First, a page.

ness, but the harm done was to percolate far into the relationship between the two countries for a long time. Queen Victoria, now accustomed to assassins, set down an account of the attack in her diary, with details of wounds and blood. She noted that the Empress was " wonderfully composed and courageous," and added, "even more than he."
The first sign that the attack on the Emperor was more than an incident of the hour came in February when Lord Palmerston yielded to the pressure of the French Foreign Minister and introduced a Conspiracy Bill before the House. The strength of the government had already been tested with the measure for transferring the control of India to the Crown. In this, Palmerston enjoyed a partial win, but only after a battle of words. The Conspiracy Bill failed; the Ministry was defeated and Lord Derby was asked to form a government, against his wishes. The Prince Consort reached deeper gloom. He wrote to his brother of a "Tory Ministry with a radical programme, carrying out republican measures with a Conservative majority, against Liberal opposition. "1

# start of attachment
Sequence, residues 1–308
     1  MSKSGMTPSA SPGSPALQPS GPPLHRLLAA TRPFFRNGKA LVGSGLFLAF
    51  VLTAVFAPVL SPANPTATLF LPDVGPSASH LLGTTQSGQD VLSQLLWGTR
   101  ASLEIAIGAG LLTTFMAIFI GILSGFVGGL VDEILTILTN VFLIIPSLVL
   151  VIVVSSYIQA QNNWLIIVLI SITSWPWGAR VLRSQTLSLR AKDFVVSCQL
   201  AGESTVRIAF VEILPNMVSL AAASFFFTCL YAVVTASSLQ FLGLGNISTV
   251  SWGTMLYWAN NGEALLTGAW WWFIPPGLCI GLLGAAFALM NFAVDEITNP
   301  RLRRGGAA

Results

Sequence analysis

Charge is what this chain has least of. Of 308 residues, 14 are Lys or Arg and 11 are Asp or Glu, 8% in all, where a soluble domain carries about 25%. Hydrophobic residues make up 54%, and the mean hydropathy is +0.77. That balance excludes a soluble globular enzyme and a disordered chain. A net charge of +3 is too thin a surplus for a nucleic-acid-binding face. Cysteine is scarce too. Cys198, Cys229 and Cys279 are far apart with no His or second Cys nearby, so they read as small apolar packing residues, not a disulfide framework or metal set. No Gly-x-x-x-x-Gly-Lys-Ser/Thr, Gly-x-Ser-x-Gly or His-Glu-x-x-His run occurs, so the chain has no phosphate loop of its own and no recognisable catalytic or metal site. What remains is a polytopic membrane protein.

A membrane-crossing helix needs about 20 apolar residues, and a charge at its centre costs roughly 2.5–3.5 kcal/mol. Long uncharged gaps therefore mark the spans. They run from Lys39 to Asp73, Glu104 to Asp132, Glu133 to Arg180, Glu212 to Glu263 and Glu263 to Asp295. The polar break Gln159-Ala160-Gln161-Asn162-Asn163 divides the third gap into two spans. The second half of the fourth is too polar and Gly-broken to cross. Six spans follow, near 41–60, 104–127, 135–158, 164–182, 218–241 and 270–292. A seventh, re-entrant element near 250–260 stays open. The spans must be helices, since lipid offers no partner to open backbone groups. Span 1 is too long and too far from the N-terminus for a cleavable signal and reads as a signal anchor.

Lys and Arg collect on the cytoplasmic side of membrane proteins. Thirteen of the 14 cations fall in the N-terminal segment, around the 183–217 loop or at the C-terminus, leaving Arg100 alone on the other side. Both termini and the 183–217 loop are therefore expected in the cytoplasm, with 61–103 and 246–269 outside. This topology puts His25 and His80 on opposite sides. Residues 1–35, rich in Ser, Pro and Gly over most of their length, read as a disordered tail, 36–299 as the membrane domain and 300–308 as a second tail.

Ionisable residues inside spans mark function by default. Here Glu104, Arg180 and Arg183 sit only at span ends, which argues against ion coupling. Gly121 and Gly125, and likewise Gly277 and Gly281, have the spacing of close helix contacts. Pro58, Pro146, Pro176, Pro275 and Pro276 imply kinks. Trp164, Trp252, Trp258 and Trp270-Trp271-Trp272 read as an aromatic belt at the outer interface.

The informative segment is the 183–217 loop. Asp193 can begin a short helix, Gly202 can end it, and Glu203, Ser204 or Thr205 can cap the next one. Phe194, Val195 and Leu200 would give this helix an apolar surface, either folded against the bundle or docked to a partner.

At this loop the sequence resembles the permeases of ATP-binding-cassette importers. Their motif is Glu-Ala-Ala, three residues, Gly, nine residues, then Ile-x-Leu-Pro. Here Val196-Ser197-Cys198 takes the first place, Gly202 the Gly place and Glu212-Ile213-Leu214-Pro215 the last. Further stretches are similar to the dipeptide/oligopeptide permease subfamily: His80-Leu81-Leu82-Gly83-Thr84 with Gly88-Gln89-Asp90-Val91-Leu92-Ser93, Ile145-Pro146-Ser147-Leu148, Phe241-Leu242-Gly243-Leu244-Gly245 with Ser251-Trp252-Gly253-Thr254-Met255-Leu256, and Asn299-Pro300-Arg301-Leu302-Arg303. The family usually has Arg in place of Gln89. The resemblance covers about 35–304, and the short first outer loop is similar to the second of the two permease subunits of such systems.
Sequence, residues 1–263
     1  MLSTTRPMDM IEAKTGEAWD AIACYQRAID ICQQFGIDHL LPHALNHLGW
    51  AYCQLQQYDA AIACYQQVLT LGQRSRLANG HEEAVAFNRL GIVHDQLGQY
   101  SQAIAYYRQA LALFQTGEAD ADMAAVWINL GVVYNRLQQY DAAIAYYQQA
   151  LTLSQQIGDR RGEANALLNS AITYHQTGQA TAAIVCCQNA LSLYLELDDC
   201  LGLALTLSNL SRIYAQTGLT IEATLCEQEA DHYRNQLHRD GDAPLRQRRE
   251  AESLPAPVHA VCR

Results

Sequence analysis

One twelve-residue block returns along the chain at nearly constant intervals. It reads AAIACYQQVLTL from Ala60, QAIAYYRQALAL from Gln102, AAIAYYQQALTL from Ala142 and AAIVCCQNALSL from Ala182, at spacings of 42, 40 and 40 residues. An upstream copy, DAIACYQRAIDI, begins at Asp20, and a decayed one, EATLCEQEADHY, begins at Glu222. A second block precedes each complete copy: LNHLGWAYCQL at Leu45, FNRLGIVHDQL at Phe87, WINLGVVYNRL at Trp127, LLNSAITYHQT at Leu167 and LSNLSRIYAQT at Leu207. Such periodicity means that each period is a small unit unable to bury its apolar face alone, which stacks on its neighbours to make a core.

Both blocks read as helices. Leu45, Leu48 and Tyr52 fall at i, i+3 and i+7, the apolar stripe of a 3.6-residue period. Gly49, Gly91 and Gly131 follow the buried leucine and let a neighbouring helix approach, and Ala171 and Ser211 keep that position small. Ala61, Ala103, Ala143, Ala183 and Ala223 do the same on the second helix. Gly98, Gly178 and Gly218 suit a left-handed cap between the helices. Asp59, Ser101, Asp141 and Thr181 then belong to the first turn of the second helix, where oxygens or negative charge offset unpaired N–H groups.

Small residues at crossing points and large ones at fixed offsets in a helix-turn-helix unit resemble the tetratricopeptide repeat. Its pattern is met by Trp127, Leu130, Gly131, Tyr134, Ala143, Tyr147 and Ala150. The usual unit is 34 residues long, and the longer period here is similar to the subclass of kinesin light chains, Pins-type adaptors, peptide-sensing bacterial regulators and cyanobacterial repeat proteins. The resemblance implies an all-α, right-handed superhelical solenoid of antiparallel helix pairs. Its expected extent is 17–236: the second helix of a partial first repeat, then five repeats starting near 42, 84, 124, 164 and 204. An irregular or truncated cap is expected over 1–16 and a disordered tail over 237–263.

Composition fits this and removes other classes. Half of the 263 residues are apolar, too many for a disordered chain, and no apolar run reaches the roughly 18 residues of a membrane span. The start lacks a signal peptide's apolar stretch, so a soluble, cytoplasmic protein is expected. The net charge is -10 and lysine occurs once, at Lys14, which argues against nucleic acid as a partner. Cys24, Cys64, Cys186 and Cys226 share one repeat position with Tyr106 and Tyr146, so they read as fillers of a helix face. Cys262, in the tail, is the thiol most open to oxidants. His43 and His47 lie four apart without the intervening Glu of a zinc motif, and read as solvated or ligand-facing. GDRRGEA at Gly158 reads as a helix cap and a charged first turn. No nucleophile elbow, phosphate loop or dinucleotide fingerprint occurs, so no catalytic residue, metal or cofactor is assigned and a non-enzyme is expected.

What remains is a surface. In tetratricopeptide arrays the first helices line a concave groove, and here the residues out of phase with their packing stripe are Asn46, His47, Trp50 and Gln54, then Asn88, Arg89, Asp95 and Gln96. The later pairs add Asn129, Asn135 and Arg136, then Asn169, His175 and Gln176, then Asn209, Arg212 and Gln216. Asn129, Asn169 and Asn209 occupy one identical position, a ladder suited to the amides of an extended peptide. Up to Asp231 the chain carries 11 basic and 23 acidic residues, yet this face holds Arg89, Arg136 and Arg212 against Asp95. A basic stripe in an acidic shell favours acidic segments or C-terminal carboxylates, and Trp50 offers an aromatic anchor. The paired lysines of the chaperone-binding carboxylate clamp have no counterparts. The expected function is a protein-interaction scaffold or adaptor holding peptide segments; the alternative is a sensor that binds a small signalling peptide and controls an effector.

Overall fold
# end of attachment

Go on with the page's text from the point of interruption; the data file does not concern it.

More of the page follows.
TEN days after the attempt on the life of the Emperor, the Princess Royal was married. She had celebrated her seventeenth birthday two months before. On the day of the attempt on the life of the Emperor, Queen Victoria had gone to see the rooms prepared for her daughter's honeymoon and had written, "Very pretty. It quite agitated me to look at them. Poor, poor child!" But there was vigilance with the sadness. There had been a hint that leading Prussians objected to the heir to their throne being married away from his own country. This stirred the Queen to fine indignation, in a letter to the British Ambassador in Berlin. "The assumption of its being too much for a Prince Royal of Prussia to come over to marry the Princess Royal of Great Britain IN England is too absurd. ... Whatever may be the usual practice of Prussian Princes, it is not every day that one marries the eldest daughter of the Queen of England." Then the absolute decision, "The question therefore must be considered as settled and closed." Also, she examined the programme for her daughter's reception in Berlin with great care. There was the item, "Sunday 7th, Church and Théâtre Paré . " Part of the pattern of life, in changed England, was zeal for Lord's Day ob